Air pollutants from fires as far away as Canada and the southeastern U.S. have traveled hundreds of miles to spike pollution concentrations in New York City and Connecticut.
Researchers monitored the air quality at five different sites in the New York metropolitan area for the study, which was published on Tuesday in the European Geosciences Union journal Atmospheric Chemistry and Physics.
In August 2018, they saw two spikes in the presence of air pollutants – both of which took place during air quality advisories for ozone in the New York area.
Flames rise from an experimental forest fire in Canada’s remote Northwest Territories.
(Stefan Doerr via Immageo, CC BY-ND 3.0)
The pollutants were the kind found in the smoke of wildfires and controlled agricultural burning, researchers explained in a story accompanying their study.
Using a combination of data from the observation sites, smoke maps from satellite images and 3-D models of air parcels, scientists traced the pollutants’ origin in the first event to fires on the western coast of Canada, and the second event to the southeastern U.S.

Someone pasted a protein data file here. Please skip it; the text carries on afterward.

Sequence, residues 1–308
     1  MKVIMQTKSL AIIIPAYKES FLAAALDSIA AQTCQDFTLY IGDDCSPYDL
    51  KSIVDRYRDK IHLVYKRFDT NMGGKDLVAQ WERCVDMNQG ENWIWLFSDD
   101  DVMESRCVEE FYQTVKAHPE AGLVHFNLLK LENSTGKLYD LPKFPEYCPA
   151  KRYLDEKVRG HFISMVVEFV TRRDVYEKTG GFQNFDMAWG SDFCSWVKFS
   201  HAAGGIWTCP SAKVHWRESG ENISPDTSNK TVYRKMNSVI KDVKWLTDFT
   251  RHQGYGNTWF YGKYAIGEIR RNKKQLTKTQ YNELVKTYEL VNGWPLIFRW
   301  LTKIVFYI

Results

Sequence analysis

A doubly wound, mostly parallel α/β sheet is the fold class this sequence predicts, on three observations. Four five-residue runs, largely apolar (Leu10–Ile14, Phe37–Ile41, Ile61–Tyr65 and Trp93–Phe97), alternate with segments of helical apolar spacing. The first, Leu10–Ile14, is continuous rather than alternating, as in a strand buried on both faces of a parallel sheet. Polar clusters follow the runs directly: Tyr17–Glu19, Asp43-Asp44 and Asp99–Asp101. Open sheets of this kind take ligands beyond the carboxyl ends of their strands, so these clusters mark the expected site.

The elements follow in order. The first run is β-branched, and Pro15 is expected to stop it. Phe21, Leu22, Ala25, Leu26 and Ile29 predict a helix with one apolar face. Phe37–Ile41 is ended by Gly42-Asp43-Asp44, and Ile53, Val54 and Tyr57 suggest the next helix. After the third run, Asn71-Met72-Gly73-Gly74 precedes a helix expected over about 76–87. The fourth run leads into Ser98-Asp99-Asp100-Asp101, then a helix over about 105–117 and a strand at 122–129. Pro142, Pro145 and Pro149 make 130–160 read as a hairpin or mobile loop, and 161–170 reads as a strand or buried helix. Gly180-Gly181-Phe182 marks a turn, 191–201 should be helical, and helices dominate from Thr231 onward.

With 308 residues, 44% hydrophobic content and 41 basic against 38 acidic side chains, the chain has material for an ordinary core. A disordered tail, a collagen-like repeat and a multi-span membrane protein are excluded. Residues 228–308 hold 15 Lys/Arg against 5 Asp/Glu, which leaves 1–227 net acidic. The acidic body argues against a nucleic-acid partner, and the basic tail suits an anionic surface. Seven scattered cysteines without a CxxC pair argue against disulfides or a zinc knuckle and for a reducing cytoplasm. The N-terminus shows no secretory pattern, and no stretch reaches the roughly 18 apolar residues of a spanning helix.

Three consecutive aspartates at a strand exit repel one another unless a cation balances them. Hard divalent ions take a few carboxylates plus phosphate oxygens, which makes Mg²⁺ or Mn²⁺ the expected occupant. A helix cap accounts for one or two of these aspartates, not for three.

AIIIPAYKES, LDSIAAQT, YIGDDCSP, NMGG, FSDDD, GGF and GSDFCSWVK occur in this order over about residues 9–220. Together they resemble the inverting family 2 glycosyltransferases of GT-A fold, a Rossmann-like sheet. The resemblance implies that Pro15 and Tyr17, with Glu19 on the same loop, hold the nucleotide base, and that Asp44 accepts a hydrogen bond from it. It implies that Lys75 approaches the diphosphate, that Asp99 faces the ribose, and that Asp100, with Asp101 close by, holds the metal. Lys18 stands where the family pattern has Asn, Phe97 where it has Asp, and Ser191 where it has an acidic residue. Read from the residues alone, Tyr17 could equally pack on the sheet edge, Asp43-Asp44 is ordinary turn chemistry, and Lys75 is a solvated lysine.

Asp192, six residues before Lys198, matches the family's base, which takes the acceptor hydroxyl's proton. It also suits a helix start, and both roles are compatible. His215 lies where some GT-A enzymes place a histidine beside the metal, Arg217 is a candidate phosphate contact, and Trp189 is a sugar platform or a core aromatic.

Biomass burning, which happens with wildfires and in some controlled burns, releases different types of particulate matter into the air, including PM2.5.
“Given the sensitivity of people to the health effects emerging from exposure to PM2.5, this is certainly something that needs to be considered as policy-makers put together long-term air quality management plans,” Drew Gentner, associate professor of chemical and environmental engineering, said in a statement.